Celebrating Legislative Successes in 2018—Children’s Health

This week, Illinois gets a new governor and a new General Assembly. It also provides an opportunity to reflect on the substantial legislative gains on issues Illinois PTA supported affecting our children and youth in the areas of health, including mental health, safety, gun control, social and emotional learning, and special education. You can help continue our success by adding your voice to our voice on February 6, 2019 for Illinois PTA Advocacy Day in Springfield. In today’s article, we look back at new laws covering children’s health and mental health.

Mental Health Awareness Training

According to the American Academy of Pediatrics (AAP), although 1 in 5 children in the United States suffer from a diagnosable mental health disorder, only 21% of affected children actually receive needed treatment. The results of the failure to identify these disorders can lead to isolation, depression, violence, drug use, or suicide. Identification of these issues is the first step in obtaining necessary treatment. Public Act (PA) 100-0903(formerly House Bill 4658) amends the School Codeconcerning Mental Health Awareness to provide for the in-service training of licensed school personnel and administrators to identify the warning signs of mental illness and suicidal behavior in youth from kindergarten through 12thgrade.

Flu and Meningitis Vaccine Information

In terms of overall health, we supported Senate Bill 2654 (SB2654), now PA 100-0977 which requires the development and provision of much-needed information regarding influenza and meningococcal disease and their related vaccinesto the parents and guardians of students. Both illnesses can lead to a substantial number of days lost from school for students, and, in the worst cases, can lead to death. According to the Centers for Disease Control and Prevention (CDC), meningococcal related illnesses, which can include certain infections in the lining of the brain and spinal cord, and bloodstream infections, are often severe and can be deadly. With respect to influenza, according to the American Academy of Pediatrics, there were 174 pediatric deaths from influenza during this past flu season. While influenza and meningococcal diseases are highly preventable with these vaccines, many parents and guardians do not have adequate information on these diseases and the vaccines to make appropriate choices for their children.

HPV Vaccine Information

We also supported SB2866, now PA 100-0741 which requires the provision of Human Papillomavirus Vaccination (HPV) informationby the Department of Public Health to all students entering sixth grade and their parents or legal guardians so that families have the information available and can choose to protect their children with vaccinations before they are ever exposed to the HPV virus. According to the CDC, HPV causes approximately 31,500 new cases of cancer each year. Both the CDC and the AAP recommend immunization against HPV for all 11-year-old through 12-year-old children as part of the adolescent immunization platform.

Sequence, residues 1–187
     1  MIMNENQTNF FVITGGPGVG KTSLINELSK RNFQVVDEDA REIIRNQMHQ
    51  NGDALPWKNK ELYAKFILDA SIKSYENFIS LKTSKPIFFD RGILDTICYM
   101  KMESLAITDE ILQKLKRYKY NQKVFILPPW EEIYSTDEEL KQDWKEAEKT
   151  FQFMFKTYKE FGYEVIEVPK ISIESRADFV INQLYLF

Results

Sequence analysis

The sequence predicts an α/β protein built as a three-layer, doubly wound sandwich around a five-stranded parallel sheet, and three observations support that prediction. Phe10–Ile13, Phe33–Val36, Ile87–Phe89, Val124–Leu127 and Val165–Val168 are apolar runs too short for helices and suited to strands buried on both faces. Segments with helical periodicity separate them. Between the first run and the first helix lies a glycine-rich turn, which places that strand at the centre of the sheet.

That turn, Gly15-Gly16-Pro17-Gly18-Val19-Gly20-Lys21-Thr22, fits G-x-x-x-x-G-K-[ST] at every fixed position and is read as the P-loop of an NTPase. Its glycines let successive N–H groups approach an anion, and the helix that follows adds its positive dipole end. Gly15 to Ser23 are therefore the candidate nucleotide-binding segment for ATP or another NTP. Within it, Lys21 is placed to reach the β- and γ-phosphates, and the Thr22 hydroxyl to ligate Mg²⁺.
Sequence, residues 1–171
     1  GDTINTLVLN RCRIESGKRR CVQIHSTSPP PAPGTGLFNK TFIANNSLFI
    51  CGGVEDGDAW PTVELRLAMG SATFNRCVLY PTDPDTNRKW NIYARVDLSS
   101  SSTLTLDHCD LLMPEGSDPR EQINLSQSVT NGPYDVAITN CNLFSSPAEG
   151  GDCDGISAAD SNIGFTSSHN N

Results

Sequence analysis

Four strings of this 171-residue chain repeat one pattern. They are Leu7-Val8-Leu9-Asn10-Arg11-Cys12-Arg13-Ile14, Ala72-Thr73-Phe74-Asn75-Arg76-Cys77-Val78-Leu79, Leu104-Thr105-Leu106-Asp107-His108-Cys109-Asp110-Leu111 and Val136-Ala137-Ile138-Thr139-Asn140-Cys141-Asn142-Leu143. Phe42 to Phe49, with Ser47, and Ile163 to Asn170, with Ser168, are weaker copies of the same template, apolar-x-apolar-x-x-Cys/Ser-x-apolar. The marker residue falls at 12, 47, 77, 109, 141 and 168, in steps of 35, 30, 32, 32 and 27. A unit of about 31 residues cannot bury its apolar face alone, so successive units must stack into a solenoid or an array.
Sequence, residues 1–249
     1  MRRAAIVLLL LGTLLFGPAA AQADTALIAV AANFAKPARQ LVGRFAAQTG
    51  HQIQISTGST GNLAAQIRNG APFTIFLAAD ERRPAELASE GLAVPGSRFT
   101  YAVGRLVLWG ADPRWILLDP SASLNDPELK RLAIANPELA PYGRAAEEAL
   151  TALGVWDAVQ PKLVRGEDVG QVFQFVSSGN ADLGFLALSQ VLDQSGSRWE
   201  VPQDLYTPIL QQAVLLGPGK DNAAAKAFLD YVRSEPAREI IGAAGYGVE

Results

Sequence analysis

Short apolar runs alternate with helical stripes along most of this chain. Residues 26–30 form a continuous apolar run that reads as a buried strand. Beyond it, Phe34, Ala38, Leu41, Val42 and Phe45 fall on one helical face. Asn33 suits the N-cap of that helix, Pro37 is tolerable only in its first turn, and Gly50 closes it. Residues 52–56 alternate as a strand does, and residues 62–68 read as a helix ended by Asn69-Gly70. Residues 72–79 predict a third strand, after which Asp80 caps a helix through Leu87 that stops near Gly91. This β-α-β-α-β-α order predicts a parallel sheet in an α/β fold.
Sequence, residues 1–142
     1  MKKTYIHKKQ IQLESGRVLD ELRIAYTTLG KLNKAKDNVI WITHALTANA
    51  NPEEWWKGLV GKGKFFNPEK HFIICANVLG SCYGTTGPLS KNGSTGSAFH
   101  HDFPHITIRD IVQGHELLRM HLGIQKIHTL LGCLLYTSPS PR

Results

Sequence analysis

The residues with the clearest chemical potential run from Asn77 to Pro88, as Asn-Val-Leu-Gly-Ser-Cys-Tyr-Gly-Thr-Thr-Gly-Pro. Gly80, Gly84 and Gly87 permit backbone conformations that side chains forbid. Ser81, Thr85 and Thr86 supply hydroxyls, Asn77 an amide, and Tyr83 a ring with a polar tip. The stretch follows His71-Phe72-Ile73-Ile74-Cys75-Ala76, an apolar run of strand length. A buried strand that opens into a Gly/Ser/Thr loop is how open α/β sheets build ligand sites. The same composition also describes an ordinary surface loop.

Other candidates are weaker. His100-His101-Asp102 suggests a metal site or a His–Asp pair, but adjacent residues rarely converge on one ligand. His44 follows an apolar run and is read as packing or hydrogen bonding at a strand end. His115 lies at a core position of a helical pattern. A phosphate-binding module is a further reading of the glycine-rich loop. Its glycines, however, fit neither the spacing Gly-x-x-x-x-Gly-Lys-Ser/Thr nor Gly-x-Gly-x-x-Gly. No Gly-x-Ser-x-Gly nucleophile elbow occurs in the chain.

Asthma and Allergies

Two new statutes that amend the School Code concern students with asthma and/or allergies. For millions of children with allergies and asthma, pollens, molds and exposure to potential allergens and viruses in class can take a high toll. According to the CDC, asthma, which can be triggered by allergies and respiratory illnesses, is one of the major reasons why students miss school. PA 100-0726(formerly SB3015)amends the School Code regarding Asthma Medication Administrationto provide that a school district or school may authorize a school nurse or other trained personnel to: provide undesignated asthma medication to a student for self-administration or to personnel authorized to administer the medication pursuant to a student’s Health Care Action Plan, asthma action plan, IEP, or 504 Plan (“Student Plans”); administer undesignated asthma medication that meets the prescription on file to any student with a Student Plan; and, if necessary, administer an undesignated asthma medication to any person that they believe in good faith to be in respiratory distress. Additionally, the statute provides for a training curriculum to ensure that the signs and symptoms of respiratory distress are recognized and responded to appropriately, and permits a supply of asthma medication to be maintained in a secure location that is accessible before, during or after school.

PA 100-0799 – the Epinephrine Injector Act(formerly SB2889) will allow school districts to choose the least expensive drug option to have on hand in the event of an anaphylactic reaction. Allergies and anaphylactic reactions continue to be important health concerns for many school age children. Statistically, twenty-five percent (25%) of first time allergic reactions occur in a school setting. The time to respond to a severe allergic reaction with appropriate treatment is critical. However, recent increases in the cost of the epinephrine auto-injectors have made their availability difficult for schools. The Epinephrine Injector Act gives them options for less costly, but still effective treatment for children and youth undergoing an anaphylactic reaction.

Dental Exams Before 9thGrade